LONDON - Talk that Saudi Arabia has its sights on $80-$100 a barrel oil again ignited a fierce rally in commodities and resource stocks on Thursday, though the potential boost to inflation globally put some pressure on fixed-income assets.
It was set to be the strongest day for the commodity complex in eight months as Brent crude futures climbed past $74 a barrel after a near 3 percent jump overnight.
The surge came on a Reuters report that OPEC's new price hawk Saudi Arabia would be happy for crude to rise to $80 or even $100, a sign Riyadh will seek no changes to a supply-cutting deal even though the agreement's original target is now within sight.
"The Saudis and their colleagues in OPEC need higher oil for their fiscal positions and the Kingdom is on a bold – and costly – reform program," said Greg McKenna, chief market strategist at CFD and FX provider AxiTrader.
The leap in oil combined with fears that sanctions on Russia could hit supplies of other commodities to light a fire under the entire sector. Nickel jumped the most in 6-1/2 years on talk Nornickel - the world's second-biggest producer of the metal - could be targeted.
Aluminium prices reached their highest since 2011, its raw material alumina touched an all-time peak, while iron ore leapt 5 percent. Such increases, if sustained, could fuel inflationary pressures and investors hedged by selling sovereign bonds.
Yields on U.S. two-year Treasuries stood at levels last visited in 2008 at 2.43 percent and 10-year German yields went above 0.55 percent for the first time in almost a month.
"If oil prices were to move toward $80 a barrel and euro weakened a bit, there could be some inflation pressure," said Rabobank's head of macro strategy Elwin de Groot.
"That usually has a negative impact on spending and could do here, especially if it comes on the back of these trade and geopolitical tensions."
Resource stocks were the big winners, driving Chinese blue chips up 1.1 percent. MSCI's broadest index of Asia-Pacific shares outside Japan added 0.9 percent, with energy up over 2.6 percent.
Japan's Nikkei faded late in the day to end up 0.15 percent, but basic materials and utilities both climbed more than 2 percent.
Industrial and commodities-focused stocks also led the pack in London, Paris, Frankfurt and Milan though the pan-regionally STOXX 600 was showing some signs of fatigue after a two-day rally had taken it to a six-week high.
The bullish sentiment in markets comes amid wider optimism about economic growth. The global economy is expected to expand this year at its fastest pace since 2010, the latest Reuters polls of over 500 economists worldwide suggest, but trade protectionism could quickly slow it down.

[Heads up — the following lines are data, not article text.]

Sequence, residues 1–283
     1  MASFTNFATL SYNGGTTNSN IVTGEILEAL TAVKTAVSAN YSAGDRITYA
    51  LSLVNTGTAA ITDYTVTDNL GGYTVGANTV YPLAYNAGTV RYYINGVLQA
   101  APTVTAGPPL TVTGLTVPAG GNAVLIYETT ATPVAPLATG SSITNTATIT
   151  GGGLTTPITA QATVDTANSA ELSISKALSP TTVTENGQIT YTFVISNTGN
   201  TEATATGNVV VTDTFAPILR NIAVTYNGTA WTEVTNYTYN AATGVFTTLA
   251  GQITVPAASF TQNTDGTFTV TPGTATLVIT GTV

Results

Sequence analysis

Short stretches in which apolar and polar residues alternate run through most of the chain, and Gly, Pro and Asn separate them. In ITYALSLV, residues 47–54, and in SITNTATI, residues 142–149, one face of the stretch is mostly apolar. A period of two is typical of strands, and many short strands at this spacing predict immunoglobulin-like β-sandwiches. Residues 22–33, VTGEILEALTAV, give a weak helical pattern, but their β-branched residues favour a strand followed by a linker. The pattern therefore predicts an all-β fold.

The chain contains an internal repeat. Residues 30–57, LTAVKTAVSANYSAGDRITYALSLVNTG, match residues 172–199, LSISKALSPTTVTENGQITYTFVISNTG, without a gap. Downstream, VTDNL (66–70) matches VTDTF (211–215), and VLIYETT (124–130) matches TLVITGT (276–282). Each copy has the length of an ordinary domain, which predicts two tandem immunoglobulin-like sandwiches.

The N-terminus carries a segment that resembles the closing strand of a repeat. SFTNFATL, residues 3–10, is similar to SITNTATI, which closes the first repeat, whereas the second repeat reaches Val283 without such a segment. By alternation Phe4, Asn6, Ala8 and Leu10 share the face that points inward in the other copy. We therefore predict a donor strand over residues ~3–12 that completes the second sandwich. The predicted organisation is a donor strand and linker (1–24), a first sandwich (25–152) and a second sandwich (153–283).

Investors were also relieved that no new U.S. demands on trade came out of a summit between Japanese Prime Minister Shinzo Abe and U.S. President Donald Trump.
E-Mini futures for the S&P 500 were pointing to a steady start in New York later.
Wall Street had also seen hefty gains in the energy and industrial indexes, though that was offset by softness in sectors such as consumer staples and financials.
IBM's 7.5 percent drop was the biggest drag on the S&P after the technology company's quarterly profit margins missed Wall Street targets.
The Dow ended down 0.16 percent, while the S&P 500 gained 0.08 percent and the Nasdaq 0.19 percent.
In currency markets, the U.S. dollar remained rangebound with its index a fraction firmer at 89.669. It gained a touch on the yen to 107.46 yen, but stayed short of recent peaks at 107.78.
The euro hovered at $1.2383, within striking distance of the week's top of $1.2413, while Turkey's lira fell back 0.6 percent having had its best day in more than a year on Wednesday after President Tayyip Erdogan declared early elections.
"The conventional wisdom is that (political) stability, even if it is not the form that you might choose - allows investment flows to continue." said Tom Clarke, a cross-asset co-portfolio manager at William Blair Funds.
The strength in commodity prices helped the Australian dollar easily weather unexpectedly soft jobs data, with employment rising by a meagre 4,900 in March.
Figures out from New Zealand also showed annual inflation there had slowed to just 1.1 percent in the first quarter, underlining expectations that interest rates would remain at record lows for many more months to come.